The language being unattested in any contemporary source, hypotheses regarding its nature are reduced to purported loanwords and substratum influence, notably the substratum in Vedic Sanskrit and a few terms recorded in Sumerian cuneiform (such as Meluhha), in conjunction with analyses of the undeciphered Indus script.
There are a number of hypotheses as to the nature of this unknown language:
- The Elamo-Dravidian hypothesis places it in the vicinity of either Elamite or Dravidian, perhaps identical with Proto-Dravidian itself. This is the mainstream "default" assumption, endorsed by e.g. Kamil Zvelebil, Asko Parpola and Iravatham Mahadevan.
- Michael Witzel (2001) as an alternative to the Elamo-Dravidian hypothesis suggests an underlying, prefixing language that is similar to Austroasiatic, notably Khasi; he calls it "para-Munda" (i.e. a language related to the Munda subgroup or other Austroasiatic languages, but not strictly descended from the last common predecessor of the contemporary Munda family).
- a "lost phylum", i.e. a language with no living continuants (or perhaps a last living reflex in the moribund Nihali language). In this case, the only trace left by the IVC language would be historical substratum influence, in particular the substratum in Vedic Sanskrit.
- an Indo-European language, close or identical to Proto-Indo-Iranian: suggested by Shikaripura Ranganatha Rao but mostly dismissed in scholarly mainstream.
- a Semitic language: Malati Shendge (1997) identified the Harappan culture with an "Asura" empire, and these Asura further with the Assyrians.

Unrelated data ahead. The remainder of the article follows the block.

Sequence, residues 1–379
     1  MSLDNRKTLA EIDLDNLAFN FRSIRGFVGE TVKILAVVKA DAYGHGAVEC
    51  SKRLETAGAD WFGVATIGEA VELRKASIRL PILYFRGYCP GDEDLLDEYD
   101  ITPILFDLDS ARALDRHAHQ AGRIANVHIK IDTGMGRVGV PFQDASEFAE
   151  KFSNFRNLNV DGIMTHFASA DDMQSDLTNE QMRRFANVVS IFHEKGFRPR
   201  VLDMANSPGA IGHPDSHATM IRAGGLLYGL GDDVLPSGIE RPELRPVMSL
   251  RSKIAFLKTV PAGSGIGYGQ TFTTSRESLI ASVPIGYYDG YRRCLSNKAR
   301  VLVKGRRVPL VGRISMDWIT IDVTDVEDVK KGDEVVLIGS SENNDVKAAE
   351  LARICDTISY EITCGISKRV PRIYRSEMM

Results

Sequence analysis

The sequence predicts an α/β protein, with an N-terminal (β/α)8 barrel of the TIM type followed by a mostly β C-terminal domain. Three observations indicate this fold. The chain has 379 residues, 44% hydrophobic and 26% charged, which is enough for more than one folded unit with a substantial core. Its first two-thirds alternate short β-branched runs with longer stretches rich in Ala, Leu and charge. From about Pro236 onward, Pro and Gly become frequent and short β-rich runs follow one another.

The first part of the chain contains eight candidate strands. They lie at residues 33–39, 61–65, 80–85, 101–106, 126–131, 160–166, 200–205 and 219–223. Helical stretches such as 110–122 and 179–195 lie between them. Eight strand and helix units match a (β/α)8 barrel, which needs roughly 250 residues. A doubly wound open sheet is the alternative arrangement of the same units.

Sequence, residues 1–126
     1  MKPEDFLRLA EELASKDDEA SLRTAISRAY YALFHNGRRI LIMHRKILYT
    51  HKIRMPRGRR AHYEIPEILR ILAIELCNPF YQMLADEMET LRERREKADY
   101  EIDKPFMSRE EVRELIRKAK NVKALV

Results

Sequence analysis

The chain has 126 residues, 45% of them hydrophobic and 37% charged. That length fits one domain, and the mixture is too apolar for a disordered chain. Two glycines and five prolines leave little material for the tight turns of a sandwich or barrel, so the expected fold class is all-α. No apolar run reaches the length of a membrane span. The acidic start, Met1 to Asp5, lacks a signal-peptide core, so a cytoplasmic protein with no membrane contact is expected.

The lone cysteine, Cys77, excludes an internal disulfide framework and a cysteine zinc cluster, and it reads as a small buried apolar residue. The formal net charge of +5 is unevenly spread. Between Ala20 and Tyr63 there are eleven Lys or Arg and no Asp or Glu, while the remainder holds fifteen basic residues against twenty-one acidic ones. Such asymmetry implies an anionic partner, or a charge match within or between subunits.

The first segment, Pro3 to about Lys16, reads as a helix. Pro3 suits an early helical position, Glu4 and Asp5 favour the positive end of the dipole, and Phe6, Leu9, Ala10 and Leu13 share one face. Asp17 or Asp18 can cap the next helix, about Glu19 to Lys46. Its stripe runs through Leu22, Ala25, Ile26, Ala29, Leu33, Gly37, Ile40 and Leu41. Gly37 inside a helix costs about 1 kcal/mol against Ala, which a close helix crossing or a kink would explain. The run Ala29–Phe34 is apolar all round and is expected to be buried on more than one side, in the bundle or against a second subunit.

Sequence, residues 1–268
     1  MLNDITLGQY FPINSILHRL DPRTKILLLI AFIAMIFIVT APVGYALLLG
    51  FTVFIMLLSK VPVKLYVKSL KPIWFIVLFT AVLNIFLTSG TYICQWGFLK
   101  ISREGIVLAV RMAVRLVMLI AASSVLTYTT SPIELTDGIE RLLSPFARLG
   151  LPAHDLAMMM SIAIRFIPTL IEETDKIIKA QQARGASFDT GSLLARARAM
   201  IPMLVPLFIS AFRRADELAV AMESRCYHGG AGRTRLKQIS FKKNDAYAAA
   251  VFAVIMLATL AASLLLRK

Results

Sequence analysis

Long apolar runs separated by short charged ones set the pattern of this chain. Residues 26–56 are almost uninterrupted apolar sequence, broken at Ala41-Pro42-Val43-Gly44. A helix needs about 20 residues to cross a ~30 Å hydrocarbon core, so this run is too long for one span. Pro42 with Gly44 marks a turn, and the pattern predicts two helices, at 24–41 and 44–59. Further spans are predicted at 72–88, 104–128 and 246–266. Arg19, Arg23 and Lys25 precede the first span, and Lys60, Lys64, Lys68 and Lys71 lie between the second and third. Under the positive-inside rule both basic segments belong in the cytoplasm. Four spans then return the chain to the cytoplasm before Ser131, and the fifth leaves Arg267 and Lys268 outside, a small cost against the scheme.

There is a handful of possible loanwords reflecting the IVC language. Sumerian Meluhha may be derived from a native term for the IVC, also reflected in Sanskrit mleccha, and Witzel (2000) further suggests that Sumerian GIŠšimmar (a type of tree) may be cognate to Rigvedic śimbala and śalmali (also names of trees).
The question has some political significance in Indian communalism, the Dravidian and Indo-European hypotheses being embraced by Dravidian and Hindu nationalists, respectively (see Indigenous Aryans for details).
- ↑ Rahman, Tariq. "Peoples and languages in pre-islamic Indus valley". http://asnic.utexas.edu/asnic/subject/peoplesandlanguages.html. Retrieved 2008-11-20. "most scholars have taken the 'Dravidian hypothesis' seriously"
- ↑ Cole, Jennifer. "The Sindhi language". http://126.96.36.199/search?q=cache:2dq2C4_Pq2oJ:www.linguistics.uiuc.edu/jscole/Sindhi_Elsevier_encyl.pdf+Harappan+language&hl=en&ct=clnk&cd=19&gl=ca. Retrieved 2008-11-20. "Harappan language...prevailing theory indicates Dravidian origins"
- ↑ Witzel, Michael (2000-02-17), "The Languages of Harappa", written at Madison, in Kenoyer, J., Proceedings of the conference on the Indus civilization, http://www.people.fas.harvard.edu/~witzel/IndusLang.pdf, retrieved 2007-07-18
- ↑ Michael Witzel, Substrate Languages in Old Indo-Aryan. EJVS 5,1, Aug. 1999, 1-67  cf. reprint in: International Journal of Dravidian Linguistics, IJDL 2001, 1 sqq.
- ↑ Indo-Iranian presence is likely only from the Late Harappan period (20th century BC) at the earliest; see e.g. Parpola, Asko (1999), "The formation of the Aryan branch of Indo-European", in Blench, Roger; Spriggs, Matthew, Archaeology and Language, III: Artefacts, languages and texts, London and New York: Routledge
- ↑ Malati Shendge, The Language of the Harappans Abhinav Publications (1997), ISBN 9788170173250.[unreliable source?]
- ↑ An Indus loanword of "para-Munda" nature in Mesopotamian has been identified by Michael Witzel, A first link between the Rgvedic Panjab and Mesopotamia: śimbala/śalmali, and GIŠšimmar? In: Klaus Karttunen and Petteri Koskikallio (eds.) Vidyarnavavandanam. Essays in Honour of Asko Parpola. 2000 (Studia Orientalia, published by the Finnish Or. Soc. 94): 497-508. See also Witzel, The language or languages of the Indus civilization, July 2007.